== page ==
ADA files comments on CMS proposed regulations
February 20, 2012
By Craig Palmer, ADA News staff
Washington—The Association urged the Centers for Medicare & Medicaid Services to “clarify” and “limit” proposed regulations that would require public reporting of certain “payments or transfer of value” from pharmaceutical, medical device, biologics and medical supply manufacturers to teaching hospitals and physicians.
As crafted, regulations published Dec. 19, 2011, could adversely affect dental practices, continuing education, research and other professional activities and “discourage financial support of charity care,” the Association asserted in comments on the proposal.
“The proposed rule would also have a disproportionately negative impact on dentistry because few dental items and services are covered under Medicare, Medicaid and CHIP, and yet dentists will be affected if a manufacturer that sells to dentists manufactures even a single covered drug, device, biological or medical supply, because all of that manufacturer’s payments and transfers of value to dentists would be reportable, whether or not there is a relationship to a covered item or service,” the Association said.
The 2010 health reform law requires “applicable manufacturers” covered by Medicare, Medicaid or the Children’s Health Insurance Program (CHIP) to report annually certain payments or transfers of value to “covered recipients” including doctors of medicine and osteopathy, dentists, podiatrists, optometrists and licensed chiropractors as well as teaching hospitals, which are defined in the proposed rule to include hospitals with accredited residency programs receiving graduate medical education (GME) funds.
“The ADA is primarily concerned that the proposed rule, if implemented in its current form, would have severe and unintended negative consequences for dental practices, professional associations and research institutions, especially in areas in which the proposed rule reaches beyond the provisions of Section 6002 of the Affordable Care Act,” the Association said.
“In particular, the ADA urges the Centers for Medicare & Medicaid Services (CMS) to restrict the definition of 'education’ under the rule so as not to impair the transfer of knowledge that benefits patients and does not undermine the dentist-patient relationship, such as continuing education.”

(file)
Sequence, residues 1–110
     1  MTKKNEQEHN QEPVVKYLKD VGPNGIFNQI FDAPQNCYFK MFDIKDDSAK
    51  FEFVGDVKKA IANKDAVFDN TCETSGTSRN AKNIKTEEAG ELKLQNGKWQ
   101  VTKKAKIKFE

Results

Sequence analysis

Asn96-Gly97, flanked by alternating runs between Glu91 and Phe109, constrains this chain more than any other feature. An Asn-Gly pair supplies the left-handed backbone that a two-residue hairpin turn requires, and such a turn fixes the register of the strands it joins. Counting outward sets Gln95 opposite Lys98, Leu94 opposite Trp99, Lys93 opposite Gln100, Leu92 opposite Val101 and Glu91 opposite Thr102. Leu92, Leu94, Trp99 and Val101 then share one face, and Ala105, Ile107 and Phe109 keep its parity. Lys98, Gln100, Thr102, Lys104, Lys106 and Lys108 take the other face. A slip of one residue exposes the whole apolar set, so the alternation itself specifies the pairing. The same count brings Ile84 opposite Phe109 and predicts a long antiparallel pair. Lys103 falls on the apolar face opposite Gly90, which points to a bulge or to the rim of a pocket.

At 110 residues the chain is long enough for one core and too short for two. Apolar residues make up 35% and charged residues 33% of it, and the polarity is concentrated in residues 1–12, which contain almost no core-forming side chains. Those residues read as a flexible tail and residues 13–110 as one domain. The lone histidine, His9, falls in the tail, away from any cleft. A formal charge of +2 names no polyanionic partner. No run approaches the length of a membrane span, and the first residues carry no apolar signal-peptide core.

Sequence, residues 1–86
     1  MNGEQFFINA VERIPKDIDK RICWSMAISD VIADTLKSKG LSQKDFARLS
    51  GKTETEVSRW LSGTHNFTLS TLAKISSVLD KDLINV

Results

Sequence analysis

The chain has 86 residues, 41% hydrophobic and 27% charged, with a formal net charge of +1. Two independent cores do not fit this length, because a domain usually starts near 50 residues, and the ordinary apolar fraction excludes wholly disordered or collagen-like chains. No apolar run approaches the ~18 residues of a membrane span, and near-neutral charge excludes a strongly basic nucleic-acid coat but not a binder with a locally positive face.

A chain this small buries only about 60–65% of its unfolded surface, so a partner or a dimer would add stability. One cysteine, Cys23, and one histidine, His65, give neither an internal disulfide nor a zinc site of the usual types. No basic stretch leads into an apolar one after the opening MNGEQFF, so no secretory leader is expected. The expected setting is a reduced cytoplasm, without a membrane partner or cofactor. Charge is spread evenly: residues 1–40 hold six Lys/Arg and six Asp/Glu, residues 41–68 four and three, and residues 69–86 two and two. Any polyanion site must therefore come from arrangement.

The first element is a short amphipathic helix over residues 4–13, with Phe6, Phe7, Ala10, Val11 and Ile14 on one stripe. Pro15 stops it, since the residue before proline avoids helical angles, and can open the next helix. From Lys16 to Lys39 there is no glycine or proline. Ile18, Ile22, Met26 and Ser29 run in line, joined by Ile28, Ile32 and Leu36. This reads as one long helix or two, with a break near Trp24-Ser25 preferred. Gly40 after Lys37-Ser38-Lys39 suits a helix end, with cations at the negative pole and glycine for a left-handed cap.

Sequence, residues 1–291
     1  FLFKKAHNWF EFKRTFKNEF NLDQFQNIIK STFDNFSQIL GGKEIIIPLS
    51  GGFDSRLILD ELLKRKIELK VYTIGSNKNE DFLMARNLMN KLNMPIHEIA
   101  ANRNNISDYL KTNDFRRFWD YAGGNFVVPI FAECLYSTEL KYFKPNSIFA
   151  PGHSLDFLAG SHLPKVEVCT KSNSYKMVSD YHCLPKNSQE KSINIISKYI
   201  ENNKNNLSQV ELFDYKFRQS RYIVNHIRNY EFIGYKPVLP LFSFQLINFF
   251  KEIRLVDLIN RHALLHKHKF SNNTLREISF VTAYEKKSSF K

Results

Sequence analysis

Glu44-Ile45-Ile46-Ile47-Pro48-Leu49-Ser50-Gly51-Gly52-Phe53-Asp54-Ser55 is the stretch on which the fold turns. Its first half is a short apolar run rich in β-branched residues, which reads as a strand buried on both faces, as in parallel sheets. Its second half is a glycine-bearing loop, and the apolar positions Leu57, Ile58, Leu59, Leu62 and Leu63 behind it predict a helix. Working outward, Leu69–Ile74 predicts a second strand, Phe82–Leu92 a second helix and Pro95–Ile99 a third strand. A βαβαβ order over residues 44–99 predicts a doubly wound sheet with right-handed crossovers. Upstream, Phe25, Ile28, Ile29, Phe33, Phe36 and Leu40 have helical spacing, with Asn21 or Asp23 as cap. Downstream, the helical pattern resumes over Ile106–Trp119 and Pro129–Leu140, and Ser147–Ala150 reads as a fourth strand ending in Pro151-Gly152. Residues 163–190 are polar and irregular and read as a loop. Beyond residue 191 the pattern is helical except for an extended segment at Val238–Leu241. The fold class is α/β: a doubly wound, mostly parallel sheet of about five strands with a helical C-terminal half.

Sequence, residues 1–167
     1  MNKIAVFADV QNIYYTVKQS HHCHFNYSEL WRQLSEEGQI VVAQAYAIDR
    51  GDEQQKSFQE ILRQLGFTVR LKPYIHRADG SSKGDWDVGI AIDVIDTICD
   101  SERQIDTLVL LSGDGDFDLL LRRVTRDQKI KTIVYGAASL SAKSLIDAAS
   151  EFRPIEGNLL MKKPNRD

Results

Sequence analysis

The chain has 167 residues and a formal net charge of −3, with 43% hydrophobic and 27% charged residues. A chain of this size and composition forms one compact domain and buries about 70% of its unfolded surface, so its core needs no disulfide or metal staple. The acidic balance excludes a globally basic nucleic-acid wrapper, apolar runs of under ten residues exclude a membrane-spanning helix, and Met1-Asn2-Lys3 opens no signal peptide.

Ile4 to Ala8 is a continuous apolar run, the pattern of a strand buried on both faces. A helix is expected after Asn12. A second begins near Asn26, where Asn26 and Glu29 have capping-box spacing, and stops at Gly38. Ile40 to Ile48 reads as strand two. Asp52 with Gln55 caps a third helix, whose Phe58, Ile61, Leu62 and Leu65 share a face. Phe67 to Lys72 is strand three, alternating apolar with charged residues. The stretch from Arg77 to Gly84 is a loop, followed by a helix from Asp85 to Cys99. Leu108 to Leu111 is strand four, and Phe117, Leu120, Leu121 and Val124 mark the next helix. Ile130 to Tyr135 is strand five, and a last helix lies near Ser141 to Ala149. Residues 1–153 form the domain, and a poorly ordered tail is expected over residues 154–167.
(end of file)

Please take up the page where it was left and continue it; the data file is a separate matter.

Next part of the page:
The 2010 health reform law tasks the Department of Health and Human Services with establishing procedures for manufacturers’ reporting of payment information and making the information available to the public.
The law’s “sunshine” provisions are modeled largely on Medical Payments Advisory Commission (MedPAC) recommendations to Congress for a new regulatory program to address the problem of “at least some” drug and device manufacturer interactions with physicians that “are associated with rapid prescribing of new, more expensive drugs and with physician requests that such drugs be added to hospital formularies” as well as “concern that manufacturers’ influence over physicians’ education may skew the information physicians receive.” The proposed rule says those relationships should be transparent while adding that “transparency does not imply that all - or even most - of these financial ties undermine physician-patient relationships.”
The regulatory proposal “does not fulfill the purpose of the (Affordable Care) Act,” the Association said. “CMS has not demonstrated with respect to dentistry that manufacturer interactions are associated with rapid prescribing of more expensive drugs, devices or supplies, or that dentists’ education skew the information that dentists receive.
“No benefit has been demonstrated with respect to the reporting of payments and transfers of value relating to oral health care, and yet dentists, who often practice in solo and small group practices, will bear the burden of training staff, developing and implementing policies and procedures, keeping records of transfers of value and payments received directly and indirectly from applicable manufacturers, reviewing and requesting correction of reports, paying more for educational programs, paying higher association dues, and contending with the possible reputational damage when perfectly innocuous transactions are listed on a website that the public may perceive as a 'wall of shame’ for practitioners who have inappropriate relationships with industry.”
Covered manufacturers and group purchasing organizations must begin reporting “transfer of value” information to the government March 31, 2013. Payment details are to be made available the public starting Sept. 30, 2013.